We view the latest stock market slide as being mainly driven by investors (mainly foreigners)’ overblown concerns about the potential negative impact of Korea’s 2017 tax law amendments. We note that: 1) even if non-residents and foreign corporations become subject to a stricter taxation on capital gains (from share transfer), a majority of them should remain unscathed, given that they are protected by a clause on avoidance of double taxation under the tax treaties signed between Korea and 91 countries; and 2) even if the scope of major shareholders of domestic listed companies is extended (so that a larger number of major shareholders will be subjected to stricter taxation on capital gains), such a change should take time to materialize (in order to fend off shocks to the market).
Widening scope of non-residents/foreign institutions subject to capital gains tax
With regards to capital gains which non-residents/foreign institutions earn via trading stocks in the Korean market, the current tax law specifies that the tax is imposed only when the benefiting parties are major shareholders with a 25% or higher stake in a company. However, according to the tax law amendment released by the Korean government yesterday, the scope of major investors will be drastically widened by lowering the stake ownership standard from current 25% to 5%.
Following yesterday’s announcement, concerns have risen sharply that the latest tax code modification would prompt foriegn investors with a 5% or higher stake in a company to sell their stakes before the amendment takes effect.
That being said, we note that even if non-residents and foreign corporations become subject to a stricter taxation on capital gains (from share transfer), a majority of them should remain unscathed, given that they are protected by a clause on avoidance of double taxation under the tax treaties signed between Korea and 91 countries
For instance, a majority of foreign investors in the Korean stock market come from countries (91 countries, including US, U.K., and France) with which Korea has already signed a double taxation avoidance agreement. This means that foreign investors from these agreement-signed countries currently pay capital gains tax on profits earned from investments in the Korean stock market to their countries of origin, and they will remain spared from any impacts of the recent tax law changes in Korea. We note that foreign investors from countries which require their nationals to comply with local tax law (such as Germany and Japan) represents only a minor portion of foreign trading in the Korean stock market.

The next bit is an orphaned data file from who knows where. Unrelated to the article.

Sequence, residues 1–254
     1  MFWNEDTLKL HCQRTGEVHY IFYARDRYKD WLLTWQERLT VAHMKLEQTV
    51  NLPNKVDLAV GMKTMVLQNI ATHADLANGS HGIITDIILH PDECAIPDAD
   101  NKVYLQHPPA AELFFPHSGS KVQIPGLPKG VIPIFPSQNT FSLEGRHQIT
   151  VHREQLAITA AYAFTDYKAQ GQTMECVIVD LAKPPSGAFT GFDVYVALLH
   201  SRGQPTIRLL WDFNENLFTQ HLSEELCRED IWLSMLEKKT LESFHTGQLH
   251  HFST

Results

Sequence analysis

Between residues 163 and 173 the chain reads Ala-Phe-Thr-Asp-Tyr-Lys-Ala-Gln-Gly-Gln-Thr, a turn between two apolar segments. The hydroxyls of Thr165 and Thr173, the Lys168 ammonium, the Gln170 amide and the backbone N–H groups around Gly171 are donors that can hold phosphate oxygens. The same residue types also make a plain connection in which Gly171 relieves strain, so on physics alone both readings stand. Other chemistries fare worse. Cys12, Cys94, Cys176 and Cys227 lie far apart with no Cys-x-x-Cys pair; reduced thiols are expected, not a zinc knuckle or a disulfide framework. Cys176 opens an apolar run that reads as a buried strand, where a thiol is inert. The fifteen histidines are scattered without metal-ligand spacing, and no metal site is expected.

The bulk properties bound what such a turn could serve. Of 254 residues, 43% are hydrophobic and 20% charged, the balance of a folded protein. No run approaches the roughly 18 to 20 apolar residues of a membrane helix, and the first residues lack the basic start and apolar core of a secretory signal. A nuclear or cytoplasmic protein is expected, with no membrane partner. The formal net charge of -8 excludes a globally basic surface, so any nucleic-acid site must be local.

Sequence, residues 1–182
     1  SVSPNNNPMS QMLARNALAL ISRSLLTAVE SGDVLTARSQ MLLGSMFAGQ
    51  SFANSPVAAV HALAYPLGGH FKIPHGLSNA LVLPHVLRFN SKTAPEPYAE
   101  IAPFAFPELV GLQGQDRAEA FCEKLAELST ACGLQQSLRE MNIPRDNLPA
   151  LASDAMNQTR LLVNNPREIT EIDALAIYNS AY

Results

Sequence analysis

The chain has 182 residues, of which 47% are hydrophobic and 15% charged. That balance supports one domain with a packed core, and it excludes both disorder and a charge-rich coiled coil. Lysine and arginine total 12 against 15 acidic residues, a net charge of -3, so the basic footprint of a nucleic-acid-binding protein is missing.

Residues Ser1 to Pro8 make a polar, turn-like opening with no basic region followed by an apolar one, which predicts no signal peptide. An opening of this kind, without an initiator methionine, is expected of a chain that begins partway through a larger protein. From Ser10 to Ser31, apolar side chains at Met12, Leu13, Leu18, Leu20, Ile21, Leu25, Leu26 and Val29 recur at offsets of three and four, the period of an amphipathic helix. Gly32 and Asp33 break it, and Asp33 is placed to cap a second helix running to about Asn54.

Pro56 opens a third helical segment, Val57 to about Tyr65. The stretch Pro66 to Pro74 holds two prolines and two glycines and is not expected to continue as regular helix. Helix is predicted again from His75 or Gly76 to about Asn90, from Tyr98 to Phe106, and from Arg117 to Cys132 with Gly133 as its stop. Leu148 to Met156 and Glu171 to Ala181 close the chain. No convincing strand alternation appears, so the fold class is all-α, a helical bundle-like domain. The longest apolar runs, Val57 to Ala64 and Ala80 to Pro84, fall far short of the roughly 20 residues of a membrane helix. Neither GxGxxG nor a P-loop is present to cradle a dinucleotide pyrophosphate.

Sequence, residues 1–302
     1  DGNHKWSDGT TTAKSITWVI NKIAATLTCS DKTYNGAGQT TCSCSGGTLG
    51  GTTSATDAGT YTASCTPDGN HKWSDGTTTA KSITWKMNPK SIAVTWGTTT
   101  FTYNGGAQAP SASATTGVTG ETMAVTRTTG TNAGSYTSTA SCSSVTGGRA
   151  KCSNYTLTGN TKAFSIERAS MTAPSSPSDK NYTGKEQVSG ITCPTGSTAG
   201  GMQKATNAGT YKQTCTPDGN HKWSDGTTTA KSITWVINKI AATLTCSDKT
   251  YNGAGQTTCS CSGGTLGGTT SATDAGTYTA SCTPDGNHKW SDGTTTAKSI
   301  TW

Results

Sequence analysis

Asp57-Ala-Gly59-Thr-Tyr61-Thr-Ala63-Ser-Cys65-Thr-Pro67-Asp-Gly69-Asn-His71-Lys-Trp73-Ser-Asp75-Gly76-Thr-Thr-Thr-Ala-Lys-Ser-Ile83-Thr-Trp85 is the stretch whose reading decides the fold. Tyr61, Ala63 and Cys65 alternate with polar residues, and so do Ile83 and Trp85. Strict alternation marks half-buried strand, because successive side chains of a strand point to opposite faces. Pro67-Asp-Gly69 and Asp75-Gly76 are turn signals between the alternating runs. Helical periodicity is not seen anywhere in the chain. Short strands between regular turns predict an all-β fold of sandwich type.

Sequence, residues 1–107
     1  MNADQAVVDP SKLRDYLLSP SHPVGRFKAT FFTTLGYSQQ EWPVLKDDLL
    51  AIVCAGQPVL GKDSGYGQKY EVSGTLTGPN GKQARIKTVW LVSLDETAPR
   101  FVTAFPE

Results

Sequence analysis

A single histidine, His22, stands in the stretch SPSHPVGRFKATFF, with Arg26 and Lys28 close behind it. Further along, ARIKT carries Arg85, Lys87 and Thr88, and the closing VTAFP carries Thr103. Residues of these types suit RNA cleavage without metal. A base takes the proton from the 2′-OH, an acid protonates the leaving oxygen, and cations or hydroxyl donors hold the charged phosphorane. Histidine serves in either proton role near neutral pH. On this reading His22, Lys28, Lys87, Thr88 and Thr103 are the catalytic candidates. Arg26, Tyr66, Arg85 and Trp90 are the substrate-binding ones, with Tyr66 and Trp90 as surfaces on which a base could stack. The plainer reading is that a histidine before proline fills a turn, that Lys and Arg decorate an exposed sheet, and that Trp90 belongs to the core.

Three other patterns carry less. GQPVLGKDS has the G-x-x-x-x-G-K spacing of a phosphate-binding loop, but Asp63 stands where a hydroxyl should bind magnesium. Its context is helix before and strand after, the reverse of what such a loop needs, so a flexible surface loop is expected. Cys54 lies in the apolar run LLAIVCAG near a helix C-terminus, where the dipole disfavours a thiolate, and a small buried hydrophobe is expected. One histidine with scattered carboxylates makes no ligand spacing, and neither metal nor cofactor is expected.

Expansion in scope of major shareholders in listed firms
The government announced expanding the scope of major shareholders of listed firms in Korea, thereby subjecting a higher number of shareholders to heavy capital gains tax on securities transactions. Under the current law, when shareholders own 1% or more of stake in a Kospi-listed company and the stake is valued at 2.5 billion won (US$2.2 million) or more, they are deemed as major shareholders. But the standard for major shareholders will be lowered to 1.5 billion (US$1.3 million) or more in 2018 and one billion won (US$900,000) or more in 2020.
Taiwan had changed the standard for major shareholders in Jan 1989. But it had revealed the plan only three months before the change was implemented, resulting in sending the Taiwanese stock market on a downward spiral. However, we foresee that such a stock market crash won’t occur in Korea, given that the country plans to strengthen the standard for major shareholders in phases through 2021. Also, issues such as securities transaction taxes are likely to be discussed over a long term.
In conclusion, as the latest stock market plunge has mainly stemmed from the market’s misunderstanding about the impact of the 2017 tax law amendments, we advise investors not to reduce their exposure to equity. Yet, as for the Kosdaq, affected by weakened sentiment, Kosdaq investors are highly likely to sell off their stocks, in a bid to avoid the greater tax burden to come.
Contributed by Lawrence Kim, Analyst at NH Investment & Securities